CC BY-NC-ND 4.0 · Endosc Int Open 2017; 05(12): E1251-E1258
DOI: 10.1055/s-0043-119754
Original article
Eigentümer und Copyright ©Georg Thieme Verlag KG 2017

Agreement between endoscopic ultrasound-guided fine-needle aspiration and endobiliary brush cytology in suspected pancreaticobiliary malignancies

Matthew J. Sullivan
1  Department of Medicine, Division of Gastroenterology and Hepatology, Lehigh Valley Health Network, Allentown, Pennsylvania, United States
,
Hope Kincaid
2  Network Office of Research and Innovation, Lehigh Valley Health Network, Allentown, Pennsylvania, United States
,
Shashin Shah
1  Department of Medicine, Division of Gastroenterology and Hepatology, Lehigh Valley Health Network, Allentown, Pennsylvania, United States
,
Hiral N. Shah
1  Department of Medicine, Division of Gastroenterology and Hepatology, Lehigh Valley Health Network, Allentown, Pennsylvania, United States
› Author Affiliations
Further Information

Corresponding author

Matthew J. Sullivan, DO
Department of Medicine
Division of Gastroenterology and Hepatology
Lehigh Valley Health Network
707 Hamilton Street
One City Center, 7th Floor
Allentown, PA 18101
United States   
Fax: +1-484-862-3176   

Publication History

submitted 06 May 2017

accepted after revision 24 July 2017

Publication Date:
06 December 2017 (online)

 

Abstract

Background and study aims For suspected pancreaticobiliary malignancies, endobiliary brush cytology during endoscopic retrograde cholangiopancreatography (ERCP) remains the diagnostic test of choice despite historically poor and variable sensitivity. This has led to increased use of endoscopic ultrasound-guided fine-needle aspiration (EUS-FNA) as an initial test. Recently, our institution began using a cytology brush that was designed specifically to collect a more substantial and higher-quality sample. The aim of this study was to investigate whether this brush design would provide more adequate samples and have high agreement with EUS-FNA in patients who underwent both procedures.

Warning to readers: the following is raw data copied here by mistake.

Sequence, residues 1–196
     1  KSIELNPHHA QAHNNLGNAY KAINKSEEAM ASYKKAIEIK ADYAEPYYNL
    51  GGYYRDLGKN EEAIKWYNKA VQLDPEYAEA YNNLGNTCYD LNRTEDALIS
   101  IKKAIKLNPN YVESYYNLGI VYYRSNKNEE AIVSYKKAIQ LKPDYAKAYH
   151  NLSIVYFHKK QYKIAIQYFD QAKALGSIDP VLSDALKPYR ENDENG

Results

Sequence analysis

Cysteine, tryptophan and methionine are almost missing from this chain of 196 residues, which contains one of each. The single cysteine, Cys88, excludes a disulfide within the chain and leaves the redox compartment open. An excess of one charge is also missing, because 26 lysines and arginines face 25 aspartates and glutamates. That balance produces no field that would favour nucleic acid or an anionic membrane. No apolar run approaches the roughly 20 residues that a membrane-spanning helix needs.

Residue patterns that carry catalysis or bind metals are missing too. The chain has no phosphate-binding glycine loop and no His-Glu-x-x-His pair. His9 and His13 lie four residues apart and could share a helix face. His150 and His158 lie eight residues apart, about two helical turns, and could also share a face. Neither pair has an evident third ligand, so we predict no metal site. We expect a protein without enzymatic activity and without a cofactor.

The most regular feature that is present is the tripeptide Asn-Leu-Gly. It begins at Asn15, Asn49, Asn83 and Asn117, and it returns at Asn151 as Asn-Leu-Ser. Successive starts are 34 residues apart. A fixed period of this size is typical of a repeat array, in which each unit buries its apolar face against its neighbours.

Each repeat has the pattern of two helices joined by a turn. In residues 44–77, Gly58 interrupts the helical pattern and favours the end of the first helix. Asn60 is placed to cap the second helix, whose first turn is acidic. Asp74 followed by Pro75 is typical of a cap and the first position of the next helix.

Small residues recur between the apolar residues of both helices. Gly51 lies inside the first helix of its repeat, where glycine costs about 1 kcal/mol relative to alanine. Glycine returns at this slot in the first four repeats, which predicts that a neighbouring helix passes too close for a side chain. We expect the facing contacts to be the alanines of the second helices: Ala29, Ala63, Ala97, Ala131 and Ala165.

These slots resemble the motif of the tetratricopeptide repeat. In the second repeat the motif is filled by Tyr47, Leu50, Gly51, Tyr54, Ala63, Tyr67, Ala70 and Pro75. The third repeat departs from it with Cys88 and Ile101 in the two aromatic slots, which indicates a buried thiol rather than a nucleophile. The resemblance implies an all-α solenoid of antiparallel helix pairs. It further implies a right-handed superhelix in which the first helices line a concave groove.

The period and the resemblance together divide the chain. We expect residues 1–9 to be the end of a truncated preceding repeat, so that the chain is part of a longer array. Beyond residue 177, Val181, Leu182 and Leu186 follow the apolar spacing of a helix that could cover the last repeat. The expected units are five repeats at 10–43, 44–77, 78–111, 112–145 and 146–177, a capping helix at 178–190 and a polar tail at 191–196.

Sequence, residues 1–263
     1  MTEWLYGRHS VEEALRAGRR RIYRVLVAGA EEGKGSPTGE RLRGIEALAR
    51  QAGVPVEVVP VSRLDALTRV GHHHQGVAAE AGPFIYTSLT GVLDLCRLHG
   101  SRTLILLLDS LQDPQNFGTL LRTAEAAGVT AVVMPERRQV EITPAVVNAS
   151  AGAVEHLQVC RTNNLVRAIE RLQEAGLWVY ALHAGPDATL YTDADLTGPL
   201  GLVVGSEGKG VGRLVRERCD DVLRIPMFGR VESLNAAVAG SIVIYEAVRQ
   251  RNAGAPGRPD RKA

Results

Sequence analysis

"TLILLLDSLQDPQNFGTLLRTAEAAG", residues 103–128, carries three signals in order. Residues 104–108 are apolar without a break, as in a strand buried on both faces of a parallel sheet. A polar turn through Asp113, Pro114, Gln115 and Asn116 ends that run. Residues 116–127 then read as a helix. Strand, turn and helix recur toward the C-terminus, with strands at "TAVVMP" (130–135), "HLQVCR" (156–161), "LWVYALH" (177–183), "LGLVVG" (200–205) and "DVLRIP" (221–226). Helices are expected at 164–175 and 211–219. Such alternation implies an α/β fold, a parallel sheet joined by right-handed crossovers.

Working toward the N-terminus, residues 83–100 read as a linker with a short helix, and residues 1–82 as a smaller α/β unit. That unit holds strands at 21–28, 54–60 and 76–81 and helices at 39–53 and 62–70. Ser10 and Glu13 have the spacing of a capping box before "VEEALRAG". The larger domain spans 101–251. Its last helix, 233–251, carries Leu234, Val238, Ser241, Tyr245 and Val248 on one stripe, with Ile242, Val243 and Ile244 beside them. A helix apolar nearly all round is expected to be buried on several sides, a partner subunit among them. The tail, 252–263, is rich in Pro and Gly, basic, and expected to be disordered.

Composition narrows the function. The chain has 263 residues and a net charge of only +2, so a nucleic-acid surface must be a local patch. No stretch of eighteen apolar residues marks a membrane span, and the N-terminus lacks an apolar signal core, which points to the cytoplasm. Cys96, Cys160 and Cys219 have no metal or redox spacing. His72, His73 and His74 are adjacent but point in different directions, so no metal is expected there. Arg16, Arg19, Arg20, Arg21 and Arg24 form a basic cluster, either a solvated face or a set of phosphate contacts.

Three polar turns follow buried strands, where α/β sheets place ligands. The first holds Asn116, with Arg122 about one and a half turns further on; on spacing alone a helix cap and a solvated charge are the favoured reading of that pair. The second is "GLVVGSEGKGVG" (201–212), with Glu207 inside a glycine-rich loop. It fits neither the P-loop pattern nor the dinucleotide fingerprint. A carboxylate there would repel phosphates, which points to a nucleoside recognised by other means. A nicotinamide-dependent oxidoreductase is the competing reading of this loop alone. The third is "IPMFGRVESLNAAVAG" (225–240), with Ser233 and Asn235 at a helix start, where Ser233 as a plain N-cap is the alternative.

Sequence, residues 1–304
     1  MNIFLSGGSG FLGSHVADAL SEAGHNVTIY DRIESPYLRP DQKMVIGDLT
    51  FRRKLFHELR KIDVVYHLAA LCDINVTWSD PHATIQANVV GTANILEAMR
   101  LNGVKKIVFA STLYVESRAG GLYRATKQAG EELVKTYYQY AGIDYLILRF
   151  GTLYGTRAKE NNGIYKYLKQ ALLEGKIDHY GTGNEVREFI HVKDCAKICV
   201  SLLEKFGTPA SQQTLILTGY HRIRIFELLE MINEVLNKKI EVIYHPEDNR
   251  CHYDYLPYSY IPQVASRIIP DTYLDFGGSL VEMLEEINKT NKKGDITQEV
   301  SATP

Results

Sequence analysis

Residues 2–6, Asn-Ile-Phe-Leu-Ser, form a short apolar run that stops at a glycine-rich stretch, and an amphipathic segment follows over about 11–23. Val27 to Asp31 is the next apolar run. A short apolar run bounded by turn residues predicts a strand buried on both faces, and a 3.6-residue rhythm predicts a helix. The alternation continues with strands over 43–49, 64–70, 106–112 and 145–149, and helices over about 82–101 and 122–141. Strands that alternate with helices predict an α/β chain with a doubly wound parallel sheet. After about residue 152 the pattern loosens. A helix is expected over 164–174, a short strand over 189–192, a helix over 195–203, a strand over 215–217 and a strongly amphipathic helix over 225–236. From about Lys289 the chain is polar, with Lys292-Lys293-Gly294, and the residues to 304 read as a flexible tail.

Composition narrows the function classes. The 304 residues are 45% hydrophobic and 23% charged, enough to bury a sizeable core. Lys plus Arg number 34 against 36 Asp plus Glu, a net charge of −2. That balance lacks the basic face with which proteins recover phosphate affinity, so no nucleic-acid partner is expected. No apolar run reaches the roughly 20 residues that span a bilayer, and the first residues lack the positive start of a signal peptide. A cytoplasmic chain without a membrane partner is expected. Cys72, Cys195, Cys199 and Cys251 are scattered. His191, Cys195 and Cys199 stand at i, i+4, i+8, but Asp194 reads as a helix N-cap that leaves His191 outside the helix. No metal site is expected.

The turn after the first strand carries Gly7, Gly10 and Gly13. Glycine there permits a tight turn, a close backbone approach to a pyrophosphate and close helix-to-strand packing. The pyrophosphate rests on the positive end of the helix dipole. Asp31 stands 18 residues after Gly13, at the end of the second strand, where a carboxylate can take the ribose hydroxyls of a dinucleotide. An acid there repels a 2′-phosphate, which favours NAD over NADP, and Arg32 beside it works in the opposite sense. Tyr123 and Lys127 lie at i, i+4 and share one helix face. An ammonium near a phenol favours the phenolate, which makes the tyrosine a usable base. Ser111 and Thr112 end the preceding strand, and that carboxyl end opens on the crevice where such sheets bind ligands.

Patients and methods A retrospective chart review was conducted of all patients who underwent both EUS-FNA and endobiliary brush cytology for suspicion of pancreaticobiliary malignancy from January 2013 to May 2015. A total of 41 patients met the inclusion criteria. Initially, sample quality was evaluated. Final cytology results were then assessed for agreement with EUS-FNA using Cohen’s kappa. The effect of considering atypical cytology as negative was also uniquely evaluated by running separate analyses.

Results Brush cytology provided an adequate sample in 95.1 % of cases. Cohen’s Kappa demonstrated moderate agreement between brush cytology and EUS-FNA: κ = 0.42 (P = 0.001). When atypical results were excluded, agreement increased: κ = 0.60 (P = 0.02), but remained moderate. If atypical results were considered “positive,” the two procedures demonstrated equal cancer detection rates of 80.8 %.

Conclusions The studied brush provided more adequate samples compared with historical rates for brush cytology and had moderate agreement with EUS-FNA. If this brush truly increases sample adequacy, it could potentially provide results comparable to EUS-FNA at lower cost.